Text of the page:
AUSTIN (KXAN) — As Americans prepare for the first COVID-19 pandemic Labor Day, in addition to social distancing, mask wearing and keeping crowds to a minimum, there are other practices to keep an eye on: your meat.
The Centers for Disease Control and Prevention reports that every year 1 in 6 Americans, or about 48 million people, become sick from eating contaminated food. Additionally, 128,000 need to be hospitalized and 3,000 die.
“Cooking food thoroughly and handling it correctly is critically important,” Carmen Rottenberg, a former administrator with the USDA’s Food Safety and Inspection Service, previously told USA TODAY. “The food produced is not sterile. … People want to cook raw food and prepare it at home. If you prepare it at home, you have to know there are some risks associated with it.”
The ingestion of raw meat can cause food poisoning, especially where E. coli bacteria are found. E. coli can cause diarrhea, urinary tract infections, respiratory illness, pneumonia and a host of other illnesses, CDC says.
- Cook meats at proper temperatures and use a thermometer. The U.S. Department of Agriculture (USDA) recently changed its recommended cooking temperatures and recommends 160ºF to 145ºF for whole cuts of pork. The 145ºF recommendation for beef, veal and lamb cuts remains the same, but now a three-minute “rest time” is urged. “Rest time” simply means the amount of time a product sits at its final temperature after it’s been removed from a heat source.
- Keep meat and vegetables separate when grilling kabobs. Because vegetables cook much faster than meat, it may cause you to pull kabobs from the grill before the meat is ready.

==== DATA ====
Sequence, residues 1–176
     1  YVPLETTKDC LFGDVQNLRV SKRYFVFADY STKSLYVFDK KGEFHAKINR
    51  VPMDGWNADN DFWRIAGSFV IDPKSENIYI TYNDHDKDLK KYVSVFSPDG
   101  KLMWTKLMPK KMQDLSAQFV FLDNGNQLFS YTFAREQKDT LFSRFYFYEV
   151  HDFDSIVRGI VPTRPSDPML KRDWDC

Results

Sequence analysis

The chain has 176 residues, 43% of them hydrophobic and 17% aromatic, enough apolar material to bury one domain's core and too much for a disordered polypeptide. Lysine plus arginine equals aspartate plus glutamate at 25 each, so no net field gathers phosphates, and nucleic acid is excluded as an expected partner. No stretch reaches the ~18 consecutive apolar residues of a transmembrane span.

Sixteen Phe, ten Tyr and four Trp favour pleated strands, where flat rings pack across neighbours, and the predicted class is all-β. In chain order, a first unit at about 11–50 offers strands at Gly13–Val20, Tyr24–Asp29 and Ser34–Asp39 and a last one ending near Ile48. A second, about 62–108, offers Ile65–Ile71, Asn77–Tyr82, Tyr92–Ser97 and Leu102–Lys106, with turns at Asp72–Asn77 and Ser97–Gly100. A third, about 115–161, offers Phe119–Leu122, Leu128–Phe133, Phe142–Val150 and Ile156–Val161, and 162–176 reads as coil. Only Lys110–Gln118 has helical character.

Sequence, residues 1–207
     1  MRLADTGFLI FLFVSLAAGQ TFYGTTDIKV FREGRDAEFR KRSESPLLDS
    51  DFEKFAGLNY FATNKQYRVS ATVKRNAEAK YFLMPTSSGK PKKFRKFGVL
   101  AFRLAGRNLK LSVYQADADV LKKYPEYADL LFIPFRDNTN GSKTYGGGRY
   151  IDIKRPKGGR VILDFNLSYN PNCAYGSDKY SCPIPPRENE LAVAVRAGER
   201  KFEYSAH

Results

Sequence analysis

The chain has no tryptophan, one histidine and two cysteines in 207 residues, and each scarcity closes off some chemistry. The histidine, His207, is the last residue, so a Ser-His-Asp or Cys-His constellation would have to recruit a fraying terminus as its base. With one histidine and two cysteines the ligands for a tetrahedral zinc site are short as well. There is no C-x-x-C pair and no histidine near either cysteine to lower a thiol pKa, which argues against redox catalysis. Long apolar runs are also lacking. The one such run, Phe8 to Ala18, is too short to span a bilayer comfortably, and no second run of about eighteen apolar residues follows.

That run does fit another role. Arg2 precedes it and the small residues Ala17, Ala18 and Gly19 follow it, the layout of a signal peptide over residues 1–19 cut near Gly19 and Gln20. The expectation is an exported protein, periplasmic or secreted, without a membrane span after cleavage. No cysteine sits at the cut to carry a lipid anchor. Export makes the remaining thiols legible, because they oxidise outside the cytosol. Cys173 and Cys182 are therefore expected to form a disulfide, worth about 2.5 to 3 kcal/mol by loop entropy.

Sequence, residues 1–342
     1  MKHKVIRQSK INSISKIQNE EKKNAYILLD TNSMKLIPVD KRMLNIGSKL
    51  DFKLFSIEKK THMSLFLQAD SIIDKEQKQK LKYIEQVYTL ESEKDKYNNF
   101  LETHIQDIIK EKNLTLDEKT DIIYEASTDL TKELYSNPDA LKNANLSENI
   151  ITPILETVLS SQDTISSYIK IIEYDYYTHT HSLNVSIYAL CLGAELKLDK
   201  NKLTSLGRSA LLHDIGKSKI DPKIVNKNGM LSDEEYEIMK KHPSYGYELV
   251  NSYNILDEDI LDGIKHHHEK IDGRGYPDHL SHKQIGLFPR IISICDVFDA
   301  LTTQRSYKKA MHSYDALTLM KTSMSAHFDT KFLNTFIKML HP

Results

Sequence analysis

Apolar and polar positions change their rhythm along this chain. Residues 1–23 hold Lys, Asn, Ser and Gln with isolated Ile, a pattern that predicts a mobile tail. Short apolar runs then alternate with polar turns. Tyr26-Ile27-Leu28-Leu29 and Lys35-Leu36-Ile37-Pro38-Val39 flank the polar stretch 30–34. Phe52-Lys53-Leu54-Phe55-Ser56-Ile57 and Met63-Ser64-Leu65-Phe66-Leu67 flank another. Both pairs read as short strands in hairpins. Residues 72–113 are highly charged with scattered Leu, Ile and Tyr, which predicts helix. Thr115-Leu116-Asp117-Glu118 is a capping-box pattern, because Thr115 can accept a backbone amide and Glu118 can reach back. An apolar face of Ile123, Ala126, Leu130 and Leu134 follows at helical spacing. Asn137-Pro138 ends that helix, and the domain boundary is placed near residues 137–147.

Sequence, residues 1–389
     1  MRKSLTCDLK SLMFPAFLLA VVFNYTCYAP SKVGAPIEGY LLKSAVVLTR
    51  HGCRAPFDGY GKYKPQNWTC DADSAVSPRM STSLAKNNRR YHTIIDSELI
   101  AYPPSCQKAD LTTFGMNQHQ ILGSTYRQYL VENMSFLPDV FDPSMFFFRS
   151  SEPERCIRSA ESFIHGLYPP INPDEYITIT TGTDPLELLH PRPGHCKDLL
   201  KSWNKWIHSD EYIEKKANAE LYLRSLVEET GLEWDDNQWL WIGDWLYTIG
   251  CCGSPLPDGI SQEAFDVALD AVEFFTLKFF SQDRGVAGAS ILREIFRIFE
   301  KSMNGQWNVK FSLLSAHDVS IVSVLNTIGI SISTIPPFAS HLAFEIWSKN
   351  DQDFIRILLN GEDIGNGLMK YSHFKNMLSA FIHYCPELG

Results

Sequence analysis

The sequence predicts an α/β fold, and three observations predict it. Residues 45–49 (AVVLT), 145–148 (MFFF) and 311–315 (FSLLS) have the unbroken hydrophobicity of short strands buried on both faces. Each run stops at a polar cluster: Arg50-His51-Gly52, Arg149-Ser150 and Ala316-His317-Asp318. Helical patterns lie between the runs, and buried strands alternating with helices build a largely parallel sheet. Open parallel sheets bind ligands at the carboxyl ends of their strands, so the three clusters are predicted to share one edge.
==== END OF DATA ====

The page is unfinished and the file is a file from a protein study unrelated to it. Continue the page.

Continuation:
- Don’t reuse plates or utensils that have had raw meats on them. Practice cleanliness overall in the kitchen or at the grill. Keep hands sanitary.
- Be aware of how other food items are holding up. Cold salads, desserts and other dishes should be kept outside for minimal amounts of time, no longer than two hours at most. If the temperature outside is above 90ºF, don’t keep cold dishes out for longer than an hour. Don’t keep leftover cold dishes that have been outside, if possible.
Labor Day during COVID-19
While the holiday weekend will likely tempt Americans to celebrate, health authorities nationwide and locally are urging residents to exercise caution.
On Monday, Dr. Anthony Fauci, the nation’s top infectious disease expert, said the Labor Day weekend will be crucial in how the next few months play out. During the pandemic, case surges have been linked nationwide to other holiday weekends, Memorial Day and the Fourth of July.
Locally, this week, Dr. Mark Escott, Austin-Travis County Interim Health Authority, gave residents a warning, saying:
“If we go too far, if we take too much risk right now, when we’re about to start the opening of schools, we’re going to pay for it in two to three weeks.“Dr. Mark Escott
In the Austin-Travis County area, cases surged almost 50% after Memorial and Independence days.